Afghan drive to disarm militias

Afghanistan has launched an ambitious plan to disarm 100,000 militiamen to curb lawlessness and strengthen President Hamid Karzai's grip on power.

    Militiamen will exchange their weapons for jobs

    The campaign kicked off in the northern city of Kunduz on Friday. It is designed to reduce the power of warlords and make way for a new multi-ethnic army.

    A pilot programme has been underway in Kunduz City, 250 kilometres (155 miles) north of the capital Kabul since Monday. A senior defence official told AFP that so far 982 of a targeted 1000 soldiers had handed over their weapons to a Defence Ministry Commission, taking the first step towards demobilisation  and reintegration into civilian life.

    Over the next two weeks they will be awarded medals, given clothes and a food allowance and assisted in starting a new post-military life.

    But the UN-backed campaign, Disarmament, Demobilisation and Reintegration, has more than a hint of farce.

    Many of the men had surrendered their weapons to their own commanders two years ago and their guns have been in a locked away as part of a locally driven disarmament initiative in the quiet, rural Kinduz province.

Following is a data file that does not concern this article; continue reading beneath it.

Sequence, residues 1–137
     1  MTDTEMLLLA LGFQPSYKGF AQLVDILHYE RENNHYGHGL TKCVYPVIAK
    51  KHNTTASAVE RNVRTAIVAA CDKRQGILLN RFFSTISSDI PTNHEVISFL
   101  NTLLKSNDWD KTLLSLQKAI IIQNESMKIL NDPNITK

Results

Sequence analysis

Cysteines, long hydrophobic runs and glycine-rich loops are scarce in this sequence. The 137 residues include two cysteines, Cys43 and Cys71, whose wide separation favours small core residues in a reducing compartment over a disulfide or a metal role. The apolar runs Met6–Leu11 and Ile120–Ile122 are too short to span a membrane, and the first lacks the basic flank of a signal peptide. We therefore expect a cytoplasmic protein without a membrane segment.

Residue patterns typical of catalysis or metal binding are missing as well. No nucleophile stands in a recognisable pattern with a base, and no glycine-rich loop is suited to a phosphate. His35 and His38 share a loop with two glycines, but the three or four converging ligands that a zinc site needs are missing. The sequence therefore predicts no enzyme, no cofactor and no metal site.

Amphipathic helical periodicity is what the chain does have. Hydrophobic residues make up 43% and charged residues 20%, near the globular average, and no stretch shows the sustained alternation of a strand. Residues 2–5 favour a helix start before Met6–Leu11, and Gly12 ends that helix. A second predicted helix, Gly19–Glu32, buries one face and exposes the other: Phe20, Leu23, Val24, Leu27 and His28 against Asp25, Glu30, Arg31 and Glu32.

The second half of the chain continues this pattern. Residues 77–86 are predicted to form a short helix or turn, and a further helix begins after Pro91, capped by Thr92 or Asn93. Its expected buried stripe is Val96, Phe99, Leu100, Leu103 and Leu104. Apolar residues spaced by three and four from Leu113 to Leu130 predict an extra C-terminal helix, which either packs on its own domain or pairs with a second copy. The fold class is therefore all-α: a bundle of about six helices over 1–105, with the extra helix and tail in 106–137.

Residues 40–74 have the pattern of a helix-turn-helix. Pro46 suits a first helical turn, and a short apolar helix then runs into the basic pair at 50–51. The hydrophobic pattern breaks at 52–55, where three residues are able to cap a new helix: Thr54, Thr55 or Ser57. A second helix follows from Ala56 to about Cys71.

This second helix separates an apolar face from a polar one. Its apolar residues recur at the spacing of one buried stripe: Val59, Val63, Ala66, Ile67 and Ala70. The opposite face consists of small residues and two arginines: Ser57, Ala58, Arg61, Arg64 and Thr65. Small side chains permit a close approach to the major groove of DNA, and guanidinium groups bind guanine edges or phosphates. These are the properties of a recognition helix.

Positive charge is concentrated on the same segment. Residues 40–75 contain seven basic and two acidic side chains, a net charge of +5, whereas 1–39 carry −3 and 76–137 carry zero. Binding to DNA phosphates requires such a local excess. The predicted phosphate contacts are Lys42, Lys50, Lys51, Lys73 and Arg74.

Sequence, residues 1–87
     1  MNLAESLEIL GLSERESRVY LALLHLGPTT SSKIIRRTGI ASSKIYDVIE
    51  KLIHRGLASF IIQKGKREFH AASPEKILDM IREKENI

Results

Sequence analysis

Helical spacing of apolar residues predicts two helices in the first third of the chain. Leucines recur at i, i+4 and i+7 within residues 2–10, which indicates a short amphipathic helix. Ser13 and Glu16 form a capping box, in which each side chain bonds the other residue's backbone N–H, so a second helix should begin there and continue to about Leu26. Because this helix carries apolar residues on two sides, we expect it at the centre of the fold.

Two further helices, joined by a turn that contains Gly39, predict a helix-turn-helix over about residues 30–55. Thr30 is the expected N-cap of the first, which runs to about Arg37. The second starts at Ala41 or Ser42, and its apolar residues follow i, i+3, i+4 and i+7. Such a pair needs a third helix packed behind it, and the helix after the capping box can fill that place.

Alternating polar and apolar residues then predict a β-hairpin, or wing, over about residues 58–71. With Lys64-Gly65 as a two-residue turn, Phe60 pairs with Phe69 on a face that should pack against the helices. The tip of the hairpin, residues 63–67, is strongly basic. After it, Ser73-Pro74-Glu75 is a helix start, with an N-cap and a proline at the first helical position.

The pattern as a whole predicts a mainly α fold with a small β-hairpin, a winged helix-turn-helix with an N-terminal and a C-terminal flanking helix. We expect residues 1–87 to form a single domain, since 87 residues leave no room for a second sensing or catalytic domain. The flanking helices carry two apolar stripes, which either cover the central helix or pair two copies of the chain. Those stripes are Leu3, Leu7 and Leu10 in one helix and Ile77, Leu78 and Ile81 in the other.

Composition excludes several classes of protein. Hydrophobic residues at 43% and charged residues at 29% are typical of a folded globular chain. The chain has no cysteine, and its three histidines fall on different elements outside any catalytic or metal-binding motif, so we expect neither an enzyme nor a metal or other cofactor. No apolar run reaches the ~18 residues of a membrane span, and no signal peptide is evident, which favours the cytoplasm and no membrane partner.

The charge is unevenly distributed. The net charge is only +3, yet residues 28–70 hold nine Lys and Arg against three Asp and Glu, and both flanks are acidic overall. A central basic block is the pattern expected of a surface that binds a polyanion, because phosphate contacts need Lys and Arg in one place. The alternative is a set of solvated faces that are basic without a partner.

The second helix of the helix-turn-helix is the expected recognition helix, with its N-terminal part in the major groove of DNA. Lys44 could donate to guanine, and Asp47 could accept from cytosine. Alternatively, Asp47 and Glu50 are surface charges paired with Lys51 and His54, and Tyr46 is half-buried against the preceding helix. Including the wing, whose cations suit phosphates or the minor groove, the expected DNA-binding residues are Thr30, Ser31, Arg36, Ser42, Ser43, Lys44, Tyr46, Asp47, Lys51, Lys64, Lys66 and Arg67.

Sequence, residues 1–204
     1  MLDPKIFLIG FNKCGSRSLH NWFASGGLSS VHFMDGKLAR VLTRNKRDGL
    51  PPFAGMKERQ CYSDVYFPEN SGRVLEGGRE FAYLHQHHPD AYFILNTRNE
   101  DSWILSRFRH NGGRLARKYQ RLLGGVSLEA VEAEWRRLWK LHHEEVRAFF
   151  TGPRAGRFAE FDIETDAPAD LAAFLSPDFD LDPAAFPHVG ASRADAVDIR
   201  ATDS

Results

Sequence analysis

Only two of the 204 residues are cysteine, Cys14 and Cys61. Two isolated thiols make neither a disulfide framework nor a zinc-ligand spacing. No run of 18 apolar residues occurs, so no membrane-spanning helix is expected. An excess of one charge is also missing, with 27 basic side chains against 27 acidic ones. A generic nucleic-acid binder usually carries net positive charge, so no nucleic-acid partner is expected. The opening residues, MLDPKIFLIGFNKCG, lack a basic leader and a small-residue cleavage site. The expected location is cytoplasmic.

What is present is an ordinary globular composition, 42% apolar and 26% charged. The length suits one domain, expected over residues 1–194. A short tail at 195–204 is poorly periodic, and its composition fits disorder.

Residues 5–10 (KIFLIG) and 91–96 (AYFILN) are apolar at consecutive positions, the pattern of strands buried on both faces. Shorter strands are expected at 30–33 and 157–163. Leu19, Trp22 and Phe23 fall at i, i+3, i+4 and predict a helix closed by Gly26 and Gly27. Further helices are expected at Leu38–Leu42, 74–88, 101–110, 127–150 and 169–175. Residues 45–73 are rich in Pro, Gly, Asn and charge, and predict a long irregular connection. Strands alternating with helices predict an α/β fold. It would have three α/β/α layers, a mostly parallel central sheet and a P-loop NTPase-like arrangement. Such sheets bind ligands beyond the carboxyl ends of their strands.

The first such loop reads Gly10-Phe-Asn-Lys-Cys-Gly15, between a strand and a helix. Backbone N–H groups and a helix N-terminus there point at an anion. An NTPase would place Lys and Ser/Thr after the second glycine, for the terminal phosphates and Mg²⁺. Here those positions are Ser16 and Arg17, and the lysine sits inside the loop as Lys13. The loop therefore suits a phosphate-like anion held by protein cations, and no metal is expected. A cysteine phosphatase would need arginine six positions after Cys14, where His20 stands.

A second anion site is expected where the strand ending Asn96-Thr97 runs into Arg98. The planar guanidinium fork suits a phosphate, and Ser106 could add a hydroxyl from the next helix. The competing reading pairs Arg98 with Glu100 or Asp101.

Now they are being given the same weapon again which they will hand back after parading in front of President Karzai and other  dignitaries to officially launch the DDR plan.

    Each militiaman who hands in a weapon will receive $200 in cash. And the price of buying a similar gun on the illegal weapons market? $100! 

    SOURCE: AFP


    YOU MIGHT ALSO LIKE

    'Money can't buy us': Mapping Canada's oil pipeline battle

    'Money can't buy us': Mapping Canada's oil pipeline battle

    We travel more than 2,000km and visit communities along the route of the oil pipeline that cuts across Indigenous land.

    Women under ISIL: The wives

    Women under ISIL: The wives

    Women married to ISIL fighters share accounts of being made to watch executions and strap explosives to other women.

    Diplomats for sale: How an ambassadorship was bought and lost

    Diplomats for sale: How an ambassadorship was bought and lost

    The story of Ali Reza Monfared, the Iranian who tried to buy diplomatic immunity after embezzling millions of dollars.